Book cover A simple version of the folk story. It tries to keep the nicely-scarey feel of the original.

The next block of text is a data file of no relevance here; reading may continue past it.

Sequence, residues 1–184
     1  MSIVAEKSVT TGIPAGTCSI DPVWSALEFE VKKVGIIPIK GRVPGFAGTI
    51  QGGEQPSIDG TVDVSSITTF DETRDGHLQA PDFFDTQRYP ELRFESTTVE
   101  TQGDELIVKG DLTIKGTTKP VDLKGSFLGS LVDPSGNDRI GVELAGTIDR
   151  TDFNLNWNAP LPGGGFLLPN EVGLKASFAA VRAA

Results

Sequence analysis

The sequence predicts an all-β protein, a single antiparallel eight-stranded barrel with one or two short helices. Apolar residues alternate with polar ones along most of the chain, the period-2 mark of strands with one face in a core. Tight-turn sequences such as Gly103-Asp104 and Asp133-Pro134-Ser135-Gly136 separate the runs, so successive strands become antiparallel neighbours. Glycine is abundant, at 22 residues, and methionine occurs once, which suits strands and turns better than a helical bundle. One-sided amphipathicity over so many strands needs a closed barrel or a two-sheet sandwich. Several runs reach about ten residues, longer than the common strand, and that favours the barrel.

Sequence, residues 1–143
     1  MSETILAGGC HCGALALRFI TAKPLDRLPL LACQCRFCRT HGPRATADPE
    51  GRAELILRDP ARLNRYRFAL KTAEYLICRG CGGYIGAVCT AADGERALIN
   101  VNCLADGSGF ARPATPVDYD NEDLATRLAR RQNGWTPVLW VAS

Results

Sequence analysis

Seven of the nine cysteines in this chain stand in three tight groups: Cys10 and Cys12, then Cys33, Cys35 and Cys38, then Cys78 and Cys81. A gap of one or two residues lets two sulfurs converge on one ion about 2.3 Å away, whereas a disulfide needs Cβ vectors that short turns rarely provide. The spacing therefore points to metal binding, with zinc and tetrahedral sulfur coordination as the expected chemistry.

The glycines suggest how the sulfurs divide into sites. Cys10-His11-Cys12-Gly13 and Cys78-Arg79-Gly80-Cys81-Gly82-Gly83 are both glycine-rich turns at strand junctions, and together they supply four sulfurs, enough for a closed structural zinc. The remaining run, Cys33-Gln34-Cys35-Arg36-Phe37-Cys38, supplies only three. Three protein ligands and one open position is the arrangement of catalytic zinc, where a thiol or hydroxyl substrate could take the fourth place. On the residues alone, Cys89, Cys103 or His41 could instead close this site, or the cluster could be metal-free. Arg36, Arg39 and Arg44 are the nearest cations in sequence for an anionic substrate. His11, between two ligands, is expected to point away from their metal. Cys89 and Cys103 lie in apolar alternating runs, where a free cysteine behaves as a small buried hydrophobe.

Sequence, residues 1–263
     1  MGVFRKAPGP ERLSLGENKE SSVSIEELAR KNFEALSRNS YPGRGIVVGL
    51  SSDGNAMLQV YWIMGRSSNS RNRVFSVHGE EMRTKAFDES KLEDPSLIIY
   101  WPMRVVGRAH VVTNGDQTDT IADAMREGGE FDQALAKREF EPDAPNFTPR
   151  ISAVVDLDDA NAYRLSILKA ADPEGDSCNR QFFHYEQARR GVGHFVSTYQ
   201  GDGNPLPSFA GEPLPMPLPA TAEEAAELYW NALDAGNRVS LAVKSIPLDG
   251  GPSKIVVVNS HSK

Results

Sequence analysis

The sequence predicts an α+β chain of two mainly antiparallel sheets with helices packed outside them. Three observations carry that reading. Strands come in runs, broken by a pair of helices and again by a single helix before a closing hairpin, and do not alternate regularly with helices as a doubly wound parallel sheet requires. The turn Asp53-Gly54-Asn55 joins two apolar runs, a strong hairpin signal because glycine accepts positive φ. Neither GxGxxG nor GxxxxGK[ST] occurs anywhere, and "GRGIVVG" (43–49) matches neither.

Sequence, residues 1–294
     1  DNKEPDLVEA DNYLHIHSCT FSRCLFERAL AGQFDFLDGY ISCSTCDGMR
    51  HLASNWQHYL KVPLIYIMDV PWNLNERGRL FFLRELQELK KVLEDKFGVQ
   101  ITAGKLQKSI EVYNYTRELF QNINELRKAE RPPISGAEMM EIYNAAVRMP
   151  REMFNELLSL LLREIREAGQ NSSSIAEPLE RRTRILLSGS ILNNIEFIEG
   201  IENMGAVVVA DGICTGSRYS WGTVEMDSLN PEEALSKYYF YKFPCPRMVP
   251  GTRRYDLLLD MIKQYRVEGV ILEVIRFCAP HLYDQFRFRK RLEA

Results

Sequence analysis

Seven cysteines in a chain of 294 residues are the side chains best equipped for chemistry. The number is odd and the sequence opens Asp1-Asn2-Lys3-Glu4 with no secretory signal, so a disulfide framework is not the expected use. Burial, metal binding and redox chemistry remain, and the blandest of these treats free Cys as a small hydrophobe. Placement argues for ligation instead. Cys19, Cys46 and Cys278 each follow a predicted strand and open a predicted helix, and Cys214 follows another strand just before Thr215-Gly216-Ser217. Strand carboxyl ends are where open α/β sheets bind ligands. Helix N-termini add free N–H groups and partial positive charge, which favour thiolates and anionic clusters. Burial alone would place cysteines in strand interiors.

Run run running on the tips of their toes came the Hobyahs! Senior citizens will get a flash-back of delightful terror. The Hobyahs is a Scottish folk story, rewritten in the Second Victorian School Reader, 1930. Rude Readers simplified the syntax but kept the sound of the traditional story. In the 1930's version for 8 year old children, Dog Dingo was dismembered and magically re-assembled in time to kill the Hobyahs. The Rude Readers version of The Hobyahs (Volume 3) muzzles Dog Dingo, and the Hobyah's escape, never to be seen again. The teaching points show how phrases build up. Each page is one sentence built from prepositional phases and noun phrases - Once upon a time, in a house, in a paddock, near the bush lived Little Old Man, and Little Old Woman, and Dog Dingo. Modal verbs are used will, could not. The Hobyahs' scary running style is unchanged. This Rude Reader isn't as rude as the 1930's version but it's still scary and has the sound of an oral story. The Hobyahs are still like bloated commas but coloured bright green. The detailed drawings are a close match to the text and cue the child to recall the story.

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